Lord Sugar-Sweetie's bid to recover costs from - and administer a punishment beating to - the winner of The Apprentice after she lost a constructive dismissal claim against him has failed. Which is almost as funny as him threatening such a course of action in the first place. Nobody like bullies, Alan. An East London Tribunal Service panel ruled that Stella English should not pay any of the fifty grand legal fees Sugar-Sweetie had demanded. The initial tribunal said that English's case and ridiculous and 'should never have been brought' - a statement reiterated by Sugar-Sweetie's lawyers in his bid to recover costs. The panel rejected the bid and said that English 'truly believed' she had a case. Henry Hendron, lawyer for the mother of two, said that his client was 'over the moon' at the verdict and added that the tribunal had stated she did not bring the original claim against Lord Sugar-Sweetie's company 'motivated by malice or bad intentions.' He said that English 'is now keen to put this saga behind her.' During the proceedings, English, who has been unemployed since July, claimed that she had but two hundred quid in her bank account. Which is a damn sight more than a lot of people have got. She also claimed that despite owning three properties, she had been 'forced to apply for housing benefit' and is considering applying for jobseekers allowance. She told the panel: 'I do not know how I am going to feed my kids, never mind the mortgages.' Well, you could try getting a job, love. Just a wild suggestion. In her witness statement, English said the entire episode had affected her family financially and emotionally, had 'a devastating impact' on her career prospects, and the stress had contributed to the breakdown of her marriage, leaving her unemployed and a single parent. The thirty four-year-old, who earned one hundred grand a year, had then claimed she had 'no real role' at Sugar-Sweetie's IT firm, Viglen, but Sugar-Sweetie argued that he had no case to answer. Following a unanimous ruling in his favour, he tweeted that the verdict has been 'a victory for the law against the claim culture.' At the time, in a written judgment, Judge John Warren said: 'This was a claim which should never have been brought. There was no assurance or suggestion that the winner would receive direct mentoring from Lord Sugar.' The judge found that English, of Whitstable, was given a 'real job' at Viglen, with 'enormous scope for advancement and learning.' Not to mention one hundred grand a year, salary. The 2010 Apprentice winner resigned from the company in May 2011 and then 'felt pressurised' into taking up a new position at Sugar-Sweetie's Internet set-top box company YouView, English had told the hearing. Sugar-Sweetie claimed that he was 'trying to help her out' by offering her a new position because she had complained of being 'desperate for money.'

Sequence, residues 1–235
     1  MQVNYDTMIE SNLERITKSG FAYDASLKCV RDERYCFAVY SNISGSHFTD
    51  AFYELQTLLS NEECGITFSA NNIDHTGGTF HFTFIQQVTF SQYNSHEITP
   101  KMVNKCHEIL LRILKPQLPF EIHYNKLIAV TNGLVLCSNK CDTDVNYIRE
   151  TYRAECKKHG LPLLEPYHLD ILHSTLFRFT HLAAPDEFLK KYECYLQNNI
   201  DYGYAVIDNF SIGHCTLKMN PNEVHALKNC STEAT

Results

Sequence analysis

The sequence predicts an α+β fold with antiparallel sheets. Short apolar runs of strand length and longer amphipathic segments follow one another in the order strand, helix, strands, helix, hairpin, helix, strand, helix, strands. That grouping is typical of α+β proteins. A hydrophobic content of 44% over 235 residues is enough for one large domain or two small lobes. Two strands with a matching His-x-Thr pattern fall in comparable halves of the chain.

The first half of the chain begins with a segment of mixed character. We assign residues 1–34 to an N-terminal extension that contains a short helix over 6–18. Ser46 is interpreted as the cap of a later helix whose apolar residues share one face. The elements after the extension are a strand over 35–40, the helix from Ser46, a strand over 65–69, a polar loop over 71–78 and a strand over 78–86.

According to the Sun, MC Hammer will reportedly host a new ITV2 show 'based around people with no star talent.' Insert your own punchline here.
Yer actual Keith Telly Topping is wholly indebted to his good mate, the legend that is Danny Blythe, for the following observation: 'Watching Educating Yorkshire tonight I actually thought for a split second that this was a caption, and that there really was a girl on it called Toshiba. And this didn't surprise me in the slightest.' This blogger knows exactly what he means.
On a marginally-related theme (ie, something else that yer actual Keith Telly Topping is nicking which the same mate posted on Facebook) Danny also observed: 'They've added in a voice-over of "And I love my twin sister" on the NatWest advert, haven't they? Were people really that confused? Did they think the two women were the same person, or some kind of Sliding Doors parallel universe versions of the same person who inexplicably hug at the end without causing a massive anti-matter implosion?' Which is both true, and gives yer actual Keith Telly Topping the perfect excuse to post a screengrab of the 'lesbian' sister that 'loathes' swimming. And, you know, why ever not? It's a free country, after all.